late 90’s Walker Art Center Gallery 9 New Media exhibitions, including Art 
Entertainment Network, which was launched in conjunction with the Sins of 
Change summit. From this, the question arises as to whether institutional 
expression of media art forms can only come through the translation into 
institutionally-supported media, such as video.  It reinforces the New Media 
community’s dialogue as to whether museums will be able to support Web-based 
or otherwise more “formal” types of work from the genre, or whether the 
equivalent of video documentation will be de rigeur for the time being.  
While vaguely disappointing, it is not far from this author’s contention 
that, due to the ephemerality of technology and technical upkeep required 
maintain most New Media works, the key archive of New Media art will 
probably be the book.

Another aspect of New Media that is often at odds with the sensibilities of 
the American museum patron is that of Interactivity.  It is no surprise that 
of the 25 works documented, only 2 are interactive.  While it is not 
surprise, it is at odds with the curatorial vision’s emphasis on 
interactivity, and with the pervasiveness of interactivity in much, if not 
most, New Media. This stems from two factors; one, the traditional gallery 
practice of “not touching” the work, which is a known issue, but a complex 
one that is beyond a full discussion in this essay.  Secondly, and this is 
an issue I intend to write about more fully at another time, are the issues 
of time and engagement, what I call the “time-function”. 

What I mean by this is that for different venues, audiences expect different 
slippages in time-based work for different contexts and genres.  In the case 
of the video festival, work must have the rhythm and span more attuned for 
entertainment, i.e. shorter form, quicker pace, etc.  There are, of course, 
exceptions where the framing of festival screenings specifically include 
experimental formats, but this commentary is aimed at broader contexts.  
Moving on, the gallery permits slower slippages.  The time flow can be 
slower than the festival, as the patron can engage with partial attention,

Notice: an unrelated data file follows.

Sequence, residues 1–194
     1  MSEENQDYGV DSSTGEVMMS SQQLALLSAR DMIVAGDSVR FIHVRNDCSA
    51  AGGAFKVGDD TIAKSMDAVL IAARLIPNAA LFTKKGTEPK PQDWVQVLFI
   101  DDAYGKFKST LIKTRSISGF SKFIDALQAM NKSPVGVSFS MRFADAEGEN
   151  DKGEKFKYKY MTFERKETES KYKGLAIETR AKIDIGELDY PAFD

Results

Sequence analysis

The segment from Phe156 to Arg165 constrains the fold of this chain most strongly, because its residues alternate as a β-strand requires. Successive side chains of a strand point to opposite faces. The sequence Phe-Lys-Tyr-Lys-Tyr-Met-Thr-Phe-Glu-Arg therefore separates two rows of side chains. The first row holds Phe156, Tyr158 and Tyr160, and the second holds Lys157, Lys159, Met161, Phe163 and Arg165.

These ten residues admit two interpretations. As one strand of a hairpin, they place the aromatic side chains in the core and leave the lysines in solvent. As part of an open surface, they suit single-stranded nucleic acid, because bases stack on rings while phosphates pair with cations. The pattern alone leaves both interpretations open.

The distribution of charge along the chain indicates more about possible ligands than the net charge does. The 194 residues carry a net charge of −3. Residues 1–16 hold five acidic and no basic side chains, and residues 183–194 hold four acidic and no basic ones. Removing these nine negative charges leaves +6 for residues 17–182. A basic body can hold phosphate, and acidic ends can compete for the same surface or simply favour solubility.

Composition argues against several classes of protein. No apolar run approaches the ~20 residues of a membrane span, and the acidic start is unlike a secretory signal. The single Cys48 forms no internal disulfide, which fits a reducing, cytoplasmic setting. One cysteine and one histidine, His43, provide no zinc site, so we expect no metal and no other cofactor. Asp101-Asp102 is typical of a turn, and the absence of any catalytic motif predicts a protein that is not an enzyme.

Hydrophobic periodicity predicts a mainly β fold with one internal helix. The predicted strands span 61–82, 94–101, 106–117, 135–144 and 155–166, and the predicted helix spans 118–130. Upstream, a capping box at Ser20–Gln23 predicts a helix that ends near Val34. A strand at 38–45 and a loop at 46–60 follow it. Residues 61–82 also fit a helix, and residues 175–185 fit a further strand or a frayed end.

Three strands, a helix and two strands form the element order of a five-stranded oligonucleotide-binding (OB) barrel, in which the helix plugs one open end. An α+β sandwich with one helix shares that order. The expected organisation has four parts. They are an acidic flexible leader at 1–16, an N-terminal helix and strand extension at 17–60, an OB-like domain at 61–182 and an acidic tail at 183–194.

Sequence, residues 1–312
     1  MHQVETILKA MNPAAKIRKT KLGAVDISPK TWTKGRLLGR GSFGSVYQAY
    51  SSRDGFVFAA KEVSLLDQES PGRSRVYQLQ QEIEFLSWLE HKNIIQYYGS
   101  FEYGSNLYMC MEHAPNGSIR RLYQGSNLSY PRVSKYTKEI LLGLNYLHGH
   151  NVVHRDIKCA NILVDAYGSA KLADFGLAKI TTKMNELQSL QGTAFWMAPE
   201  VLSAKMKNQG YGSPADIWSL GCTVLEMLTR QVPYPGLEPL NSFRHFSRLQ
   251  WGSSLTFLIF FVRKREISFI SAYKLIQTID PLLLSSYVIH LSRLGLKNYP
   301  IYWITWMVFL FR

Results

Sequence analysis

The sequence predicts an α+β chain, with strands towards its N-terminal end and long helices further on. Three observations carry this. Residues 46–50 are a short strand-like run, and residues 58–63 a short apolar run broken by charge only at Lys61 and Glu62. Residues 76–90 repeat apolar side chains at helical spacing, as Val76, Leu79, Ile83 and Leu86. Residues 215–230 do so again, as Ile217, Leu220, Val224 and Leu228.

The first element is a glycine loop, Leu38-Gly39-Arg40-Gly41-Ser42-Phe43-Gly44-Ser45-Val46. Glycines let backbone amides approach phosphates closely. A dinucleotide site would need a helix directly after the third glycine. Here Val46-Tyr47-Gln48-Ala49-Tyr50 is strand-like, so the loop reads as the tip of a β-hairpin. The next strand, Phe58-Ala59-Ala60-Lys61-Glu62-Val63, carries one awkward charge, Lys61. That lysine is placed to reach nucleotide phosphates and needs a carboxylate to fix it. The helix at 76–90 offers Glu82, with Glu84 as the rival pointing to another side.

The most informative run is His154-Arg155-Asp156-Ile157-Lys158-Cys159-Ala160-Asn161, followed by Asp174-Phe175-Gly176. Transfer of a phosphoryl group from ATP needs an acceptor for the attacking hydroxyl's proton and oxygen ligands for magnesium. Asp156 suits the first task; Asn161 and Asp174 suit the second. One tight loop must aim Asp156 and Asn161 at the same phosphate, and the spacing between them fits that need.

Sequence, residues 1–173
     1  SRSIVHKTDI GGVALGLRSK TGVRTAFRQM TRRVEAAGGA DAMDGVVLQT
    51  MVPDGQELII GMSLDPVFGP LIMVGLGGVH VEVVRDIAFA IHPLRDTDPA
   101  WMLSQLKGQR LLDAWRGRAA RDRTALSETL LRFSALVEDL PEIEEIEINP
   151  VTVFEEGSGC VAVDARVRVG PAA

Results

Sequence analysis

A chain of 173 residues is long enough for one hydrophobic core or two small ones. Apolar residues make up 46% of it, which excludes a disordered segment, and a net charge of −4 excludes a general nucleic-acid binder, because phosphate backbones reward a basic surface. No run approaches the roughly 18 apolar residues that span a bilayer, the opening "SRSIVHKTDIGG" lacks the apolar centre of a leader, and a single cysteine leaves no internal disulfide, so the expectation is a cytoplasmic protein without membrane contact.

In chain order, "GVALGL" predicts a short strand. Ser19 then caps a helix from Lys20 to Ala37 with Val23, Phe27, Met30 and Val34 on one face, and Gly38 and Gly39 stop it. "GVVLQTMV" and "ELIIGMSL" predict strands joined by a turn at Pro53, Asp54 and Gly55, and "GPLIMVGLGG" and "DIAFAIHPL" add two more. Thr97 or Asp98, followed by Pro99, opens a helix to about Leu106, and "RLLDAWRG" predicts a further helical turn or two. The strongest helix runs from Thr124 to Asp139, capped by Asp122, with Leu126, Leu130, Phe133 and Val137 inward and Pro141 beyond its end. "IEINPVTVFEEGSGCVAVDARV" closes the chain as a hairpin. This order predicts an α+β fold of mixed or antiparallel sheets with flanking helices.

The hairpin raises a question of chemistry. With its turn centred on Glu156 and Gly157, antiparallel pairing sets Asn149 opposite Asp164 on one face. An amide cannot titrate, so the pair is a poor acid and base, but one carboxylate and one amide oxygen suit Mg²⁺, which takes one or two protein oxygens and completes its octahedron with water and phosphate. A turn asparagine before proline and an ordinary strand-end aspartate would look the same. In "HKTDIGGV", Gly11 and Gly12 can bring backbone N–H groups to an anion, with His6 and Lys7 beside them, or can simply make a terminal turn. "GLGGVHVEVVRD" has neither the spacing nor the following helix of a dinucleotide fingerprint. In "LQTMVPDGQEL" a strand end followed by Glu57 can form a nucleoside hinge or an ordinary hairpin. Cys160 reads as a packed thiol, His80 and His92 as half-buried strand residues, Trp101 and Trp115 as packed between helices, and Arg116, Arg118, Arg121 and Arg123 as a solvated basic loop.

contrasted with that of the “captive” in the theater seat. As long as there 
is the perception of change between glances, conversational pauses, or sips 
of Chardonnay at the occasional vernissage, the temporal contract is 
fulfilled.  What is more problematic is the context of the Museum, where the 
role of the time-based screen/projection work must fulfill the dual role of 
Sublime/Static and Cinematic/Kinetic. It must be read as a single image in 
Gladwellian “blink-time”, but then withstand the engagement of longer 
timeframes.  A key example of this effect is Viola’s “The Passions”, where 
the figurative high-definition video reads as late Renaissance painting, but 
also as protracted cinema.

The challenge of the time-function in the museum context is where much New 
Media fails to engage Contemporary Art audiences.  Interactive New Media, by 
and large, do not convey their intent iconically in a blink.  Much 
interactive New Media requires the direct dialogue with the viewer through 
touch or motion over numbers of minutes in order for the intent/content to 
reveal itself to the viewer.  Interactivity in the museum is often 
restricted to gesture.  Therefore, because of the “attendance” of interactor 
and support personnel to much New Media work of the 1995-2000, as well as 
its modes of representation, it would not be surprising to see little truly 
interactive New Media in a larger museum context, even for a show reflecting 
on the genre.

In addition to the matters of time in the gallery, the issue of cultural